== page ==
A stroke is a medical emergency when blood supply to the brain is interrupted and causes damage to the brain.
A stroke occurs when a blood vessel that carries oxygen and nutrients to the brain is either blocked by a clot or bursts (ruptures). When that happens, part of the brain cannot get the blood and oxygen it needs, and brain cells die.
There are three types of strokes:
Ischemic stroke: This is the most common type of stroke. It happens when the brain’s blood vessels become narrowed or blocked, causing ischemia (severely reduced blood flow).
Blocked or narrowed blood vessels are caused by fatty deposits that build-up in blood vessels or by blood clots that travel through the bloodstream and lodge in the blood vessels in the brain.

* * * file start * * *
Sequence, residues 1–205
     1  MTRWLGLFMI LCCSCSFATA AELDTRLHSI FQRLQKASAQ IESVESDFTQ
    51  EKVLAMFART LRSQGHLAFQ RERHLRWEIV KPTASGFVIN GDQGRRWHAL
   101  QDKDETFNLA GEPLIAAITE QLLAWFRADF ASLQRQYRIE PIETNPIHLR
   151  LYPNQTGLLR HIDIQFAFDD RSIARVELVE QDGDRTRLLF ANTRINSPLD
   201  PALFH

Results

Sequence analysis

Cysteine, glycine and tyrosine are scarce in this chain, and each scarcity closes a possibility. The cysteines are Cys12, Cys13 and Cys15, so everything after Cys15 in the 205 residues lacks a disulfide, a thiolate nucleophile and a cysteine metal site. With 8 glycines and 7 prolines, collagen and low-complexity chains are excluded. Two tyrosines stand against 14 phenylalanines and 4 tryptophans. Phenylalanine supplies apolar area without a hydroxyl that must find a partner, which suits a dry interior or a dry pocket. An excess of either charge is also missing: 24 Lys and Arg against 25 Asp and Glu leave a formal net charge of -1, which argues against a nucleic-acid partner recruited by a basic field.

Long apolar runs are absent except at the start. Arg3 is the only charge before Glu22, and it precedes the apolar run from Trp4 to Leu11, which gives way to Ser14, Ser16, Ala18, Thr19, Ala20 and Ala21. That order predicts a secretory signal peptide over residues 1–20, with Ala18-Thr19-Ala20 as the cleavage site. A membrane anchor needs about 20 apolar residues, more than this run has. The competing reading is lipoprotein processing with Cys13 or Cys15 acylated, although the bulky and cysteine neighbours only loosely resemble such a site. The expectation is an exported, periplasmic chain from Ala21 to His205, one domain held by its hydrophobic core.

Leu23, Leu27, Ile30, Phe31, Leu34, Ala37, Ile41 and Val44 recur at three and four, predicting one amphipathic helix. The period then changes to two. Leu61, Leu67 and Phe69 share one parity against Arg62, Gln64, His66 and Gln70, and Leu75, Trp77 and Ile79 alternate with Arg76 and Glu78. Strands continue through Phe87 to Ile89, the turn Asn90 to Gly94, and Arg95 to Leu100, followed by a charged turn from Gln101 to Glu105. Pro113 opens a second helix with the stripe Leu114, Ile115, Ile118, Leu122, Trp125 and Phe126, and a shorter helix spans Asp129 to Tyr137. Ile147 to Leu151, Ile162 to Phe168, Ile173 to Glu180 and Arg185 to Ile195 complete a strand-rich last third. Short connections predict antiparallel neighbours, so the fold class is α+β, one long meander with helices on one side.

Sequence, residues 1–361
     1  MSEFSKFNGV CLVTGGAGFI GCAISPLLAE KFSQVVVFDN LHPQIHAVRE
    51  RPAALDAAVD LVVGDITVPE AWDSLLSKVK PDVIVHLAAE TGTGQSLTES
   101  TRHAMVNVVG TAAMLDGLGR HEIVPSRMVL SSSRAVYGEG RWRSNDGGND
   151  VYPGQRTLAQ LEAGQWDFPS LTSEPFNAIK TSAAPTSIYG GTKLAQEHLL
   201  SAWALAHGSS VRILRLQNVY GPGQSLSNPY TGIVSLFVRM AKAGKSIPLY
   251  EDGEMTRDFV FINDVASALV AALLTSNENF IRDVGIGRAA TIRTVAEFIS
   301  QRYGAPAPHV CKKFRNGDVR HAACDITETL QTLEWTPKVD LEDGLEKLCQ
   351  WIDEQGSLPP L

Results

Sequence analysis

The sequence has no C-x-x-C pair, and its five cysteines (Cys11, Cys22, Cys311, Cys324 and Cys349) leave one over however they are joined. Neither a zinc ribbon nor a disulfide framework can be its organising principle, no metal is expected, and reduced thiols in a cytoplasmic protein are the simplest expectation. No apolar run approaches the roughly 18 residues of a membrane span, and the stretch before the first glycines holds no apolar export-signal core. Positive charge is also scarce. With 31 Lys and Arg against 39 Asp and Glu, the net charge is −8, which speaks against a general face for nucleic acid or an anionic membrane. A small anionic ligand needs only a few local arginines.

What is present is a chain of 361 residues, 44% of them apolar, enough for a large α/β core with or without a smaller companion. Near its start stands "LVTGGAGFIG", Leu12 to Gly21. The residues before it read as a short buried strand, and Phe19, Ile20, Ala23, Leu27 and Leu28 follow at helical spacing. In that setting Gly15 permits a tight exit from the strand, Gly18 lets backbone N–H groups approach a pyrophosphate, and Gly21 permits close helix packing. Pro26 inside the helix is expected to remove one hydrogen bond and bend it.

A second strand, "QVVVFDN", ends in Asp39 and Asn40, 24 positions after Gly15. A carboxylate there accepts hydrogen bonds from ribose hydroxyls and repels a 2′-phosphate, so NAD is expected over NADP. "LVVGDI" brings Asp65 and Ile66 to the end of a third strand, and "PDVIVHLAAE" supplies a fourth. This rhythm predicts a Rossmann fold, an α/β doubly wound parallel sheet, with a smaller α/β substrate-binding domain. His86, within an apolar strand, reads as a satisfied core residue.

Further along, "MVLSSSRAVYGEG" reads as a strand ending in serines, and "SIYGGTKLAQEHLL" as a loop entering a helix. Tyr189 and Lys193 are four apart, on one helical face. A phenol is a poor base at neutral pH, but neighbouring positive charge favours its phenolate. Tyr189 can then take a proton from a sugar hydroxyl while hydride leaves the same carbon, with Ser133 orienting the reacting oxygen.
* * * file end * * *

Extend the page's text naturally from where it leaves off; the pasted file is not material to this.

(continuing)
Haemorrhagic stroke: This stroke occurs when a blood vessel in the brain leaks or ruptures.
Factors related to haemorrhage stroke include:
- Uncontrolled high blood pressure
- Overtreatment with blood thinners (anticoagulant)
- Bulges at weak spots in the blood vessel walls (aneurysm)
- Trauma (such as car accident)
- Ischemic stroke leading to haemorrhage
Transient Ischemic Attack (TIA): TIA is sometimes known as a ministroke. It does not cause permanent damage. TIA is caused by a temporary decrease in blood supply to part of the brain, which may last as little as five minutes. It occurs when a clot or debris reduces or blocks blood flow to part of the nervous system.